Shakespearean/Elizabethan/English: This type differs markedly from both the Petrarchan and Miltonic forms. It consists of three quatrains and a final rhyming couplet and its rhyme scheme is abab cdcd efef gg. At times the division of material found in the Petrarchan sonnet is also present here or there is repetition with variation of the statement in the three quatrains with the final couplet presenting a neat and laconic encapsulation of the central thought in the poem. The volta sometimes occurs between the twelfth and thirteenth lines.
The following are examples of this type: “Shall I compare thee to a summer day?”; “Let me not to the marriage of true minds”; William Shakespeare’s “Since Brass nor stone, nor earth, nor boundless sea” We said we would refer back to the highlighted part of Holman’s definition in the opening paragraph of section 3.5: we have seen how the sonnet follows “one or another of several rhyme schemes” in our examination of the areas of congruence and divergence in the structures and rhyme patterns of the three main types of sonnet. Although the arbitrariness of form has largely been shown in the differences among the three types explained above, we should still add that this
characteristic alludes to the idiosyncratic manipulations of the basic markers of the sonnet such as the number of lines (14) as well as the number of feet per line (5 iambic feet). These deviations were mainly experimental as demonstrated in Gerard Manley Hopkins’ “Felix Randall” as well as in several well-known pieces by the American poets such as William Carlos Williams, e.e. cummings, and John Crowe Ransom.
In its original form, the lyric was a poem sung to the accompaniment of a lyre – a classical stringed musical instrument. In the Greek classical period, it was sung by a single singer and was thus differentiated from the ‘choric’, which was performed by a group of singers. The term is now applied to describe any poem that is light in tone, could be adapted into song and reflects the personal mood or feeling of the singer or poet rather than narrate a story. This quality or characteristic constitutes the main difference between it as a poetic type and the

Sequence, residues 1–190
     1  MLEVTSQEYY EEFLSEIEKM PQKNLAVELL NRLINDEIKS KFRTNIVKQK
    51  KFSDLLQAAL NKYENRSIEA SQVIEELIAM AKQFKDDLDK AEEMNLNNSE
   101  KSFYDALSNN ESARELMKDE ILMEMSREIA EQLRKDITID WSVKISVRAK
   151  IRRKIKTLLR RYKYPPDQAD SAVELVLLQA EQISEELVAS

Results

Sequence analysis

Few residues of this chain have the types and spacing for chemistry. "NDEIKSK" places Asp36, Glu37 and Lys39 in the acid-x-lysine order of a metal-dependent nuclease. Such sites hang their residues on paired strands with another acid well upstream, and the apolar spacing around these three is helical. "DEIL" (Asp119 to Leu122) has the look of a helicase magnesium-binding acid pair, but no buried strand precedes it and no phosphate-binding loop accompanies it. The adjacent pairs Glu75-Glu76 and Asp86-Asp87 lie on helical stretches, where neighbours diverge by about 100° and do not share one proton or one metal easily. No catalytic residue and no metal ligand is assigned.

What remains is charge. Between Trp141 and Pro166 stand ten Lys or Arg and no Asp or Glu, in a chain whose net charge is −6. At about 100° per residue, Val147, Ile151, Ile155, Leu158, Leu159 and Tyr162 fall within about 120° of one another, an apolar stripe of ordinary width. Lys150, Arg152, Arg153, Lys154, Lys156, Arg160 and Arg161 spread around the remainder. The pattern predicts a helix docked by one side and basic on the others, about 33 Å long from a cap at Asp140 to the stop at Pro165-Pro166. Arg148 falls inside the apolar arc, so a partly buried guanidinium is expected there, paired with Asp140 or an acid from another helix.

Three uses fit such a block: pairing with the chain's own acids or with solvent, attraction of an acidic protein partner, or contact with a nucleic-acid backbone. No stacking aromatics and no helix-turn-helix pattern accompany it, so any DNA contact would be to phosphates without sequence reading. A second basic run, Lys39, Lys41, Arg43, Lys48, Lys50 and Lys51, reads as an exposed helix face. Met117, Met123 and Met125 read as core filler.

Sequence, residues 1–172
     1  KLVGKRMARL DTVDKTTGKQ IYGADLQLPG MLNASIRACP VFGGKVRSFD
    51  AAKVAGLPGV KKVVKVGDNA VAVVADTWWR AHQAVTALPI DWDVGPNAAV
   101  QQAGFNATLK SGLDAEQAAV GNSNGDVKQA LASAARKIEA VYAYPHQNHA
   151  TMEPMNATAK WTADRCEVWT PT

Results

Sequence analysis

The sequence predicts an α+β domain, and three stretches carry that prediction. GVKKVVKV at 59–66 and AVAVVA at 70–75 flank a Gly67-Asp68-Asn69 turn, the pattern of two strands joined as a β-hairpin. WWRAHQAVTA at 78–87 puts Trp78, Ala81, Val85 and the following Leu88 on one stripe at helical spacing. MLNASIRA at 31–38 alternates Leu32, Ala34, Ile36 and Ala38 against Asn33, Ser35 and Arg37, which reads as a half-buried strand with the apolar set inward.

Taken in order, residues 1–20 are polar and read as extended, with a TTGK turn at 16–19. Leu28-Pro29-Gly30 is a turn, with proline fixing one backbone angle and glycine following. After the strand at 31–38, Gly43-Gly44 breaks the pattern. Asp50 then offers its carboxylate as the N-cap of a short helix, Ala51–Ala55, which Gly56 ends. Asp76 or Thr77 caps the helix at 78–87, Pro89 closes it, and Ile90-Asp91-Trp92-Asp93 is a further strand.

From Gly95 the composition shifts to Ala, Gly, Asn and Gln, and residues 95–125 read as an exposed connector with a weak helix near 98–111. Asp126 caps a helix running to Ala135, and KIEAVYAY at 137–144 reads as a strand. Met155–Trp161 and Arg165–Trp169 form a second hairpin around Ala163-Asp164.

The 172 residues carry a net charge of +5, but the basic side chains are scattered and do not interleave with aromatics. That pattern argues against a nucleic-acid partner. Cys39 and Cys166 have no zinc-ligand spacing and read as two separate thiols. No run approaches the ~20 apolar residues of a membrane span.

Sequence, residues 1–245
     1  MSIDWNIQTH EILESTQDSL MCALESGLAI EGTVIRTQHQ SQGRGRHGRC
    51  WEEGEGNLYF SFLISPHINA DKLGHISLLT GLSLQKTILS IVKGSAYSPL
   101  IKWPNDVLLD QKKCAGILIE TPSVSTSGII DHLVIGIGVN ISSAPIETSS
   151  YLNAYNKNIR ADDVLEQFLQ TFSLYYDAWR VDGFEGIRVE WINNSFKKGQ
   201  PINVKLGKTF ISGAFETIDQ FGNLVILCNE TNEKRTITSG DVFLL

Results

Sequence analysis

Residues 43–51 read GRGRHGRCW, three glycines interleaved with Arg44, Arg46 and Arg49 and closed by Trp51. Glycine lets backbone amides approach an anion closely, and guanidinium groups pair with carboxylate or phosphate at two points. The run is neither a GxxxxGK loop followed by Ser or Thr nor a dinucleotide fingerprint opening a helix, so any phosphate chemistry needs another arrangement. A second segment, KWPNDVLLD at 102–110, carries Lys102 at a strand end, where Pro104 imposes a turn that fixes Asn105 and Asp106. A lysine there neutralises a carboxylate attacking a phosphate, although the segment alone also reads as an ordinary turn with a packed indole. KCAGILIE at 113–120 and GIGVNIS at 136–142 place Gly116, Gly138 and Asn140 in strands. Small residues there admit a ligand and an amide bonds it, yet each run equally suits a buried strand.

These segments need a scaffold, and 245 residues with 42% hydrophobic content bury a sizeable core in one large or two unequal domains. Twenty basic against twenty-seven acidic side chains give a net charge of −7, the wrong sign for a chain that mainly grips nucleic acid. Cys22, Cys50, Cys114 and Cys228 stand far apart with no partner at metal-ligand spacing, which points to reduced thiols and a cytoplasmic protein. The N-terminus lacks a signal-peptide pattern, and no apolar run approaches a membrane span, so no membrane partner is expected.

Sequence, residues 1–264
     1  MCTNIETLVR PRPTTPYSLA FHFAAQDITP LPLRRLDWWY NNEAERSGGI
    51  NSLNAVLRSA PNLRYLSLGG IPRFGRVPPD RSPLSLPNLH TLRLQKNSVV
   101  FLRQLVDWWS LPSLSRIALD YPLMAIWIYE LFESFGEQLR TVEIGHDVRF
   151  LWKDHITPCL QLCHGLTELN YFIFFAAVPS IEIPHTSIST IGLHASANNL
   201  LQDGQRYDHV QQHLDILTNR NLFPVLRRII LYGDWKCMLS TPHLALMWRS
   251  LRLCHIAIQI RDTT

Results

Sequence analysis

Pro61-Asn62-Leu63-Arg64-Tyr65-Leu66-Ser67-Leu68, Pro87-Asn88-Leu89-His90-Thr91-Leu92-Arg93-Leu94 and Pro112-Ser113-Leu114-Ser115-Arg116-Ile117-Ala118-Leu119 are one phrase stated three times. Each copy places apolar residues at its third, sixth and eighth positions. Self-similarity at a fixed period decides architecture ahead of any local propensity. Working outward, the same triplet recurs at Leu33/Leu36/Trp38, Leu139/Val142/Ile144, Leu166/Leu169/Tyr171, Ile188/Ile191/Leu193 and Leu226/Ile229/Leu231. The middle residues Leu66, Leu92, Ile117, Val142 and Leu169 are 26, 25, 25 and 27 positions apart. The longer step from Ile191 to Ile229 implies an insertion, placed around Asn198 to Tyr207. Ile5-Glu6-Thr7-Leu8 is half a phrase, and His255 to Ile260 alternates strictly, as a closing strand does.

ballad and the epic which concentrate on extra-personal subjects or themes. The lyric does not follow any rigid metrical law (unlike the sonnet) by which it is identified and it is for this reason that it is often regarded as a mode of writing rather than as a form.
The subjects of the lyric poet are as varied as his moods; thus he is at one time writing about love and at other times he is expressing his feelings towards nature or merely giving vent to his personal observations on life generally.
However, the idea of unity of mood, of thought, of feeling, and of style is essential to the lyric. Since the true quality of the lyric is the personal element, that is, as a vehicle of the poet’s mood, a means of expressing his individual sensibility, the ode, the sonnet as well as the elegy are lyrics. As such all the examples of these latter form cited in the preceding sections of this unit can rightly be studied as lyrics.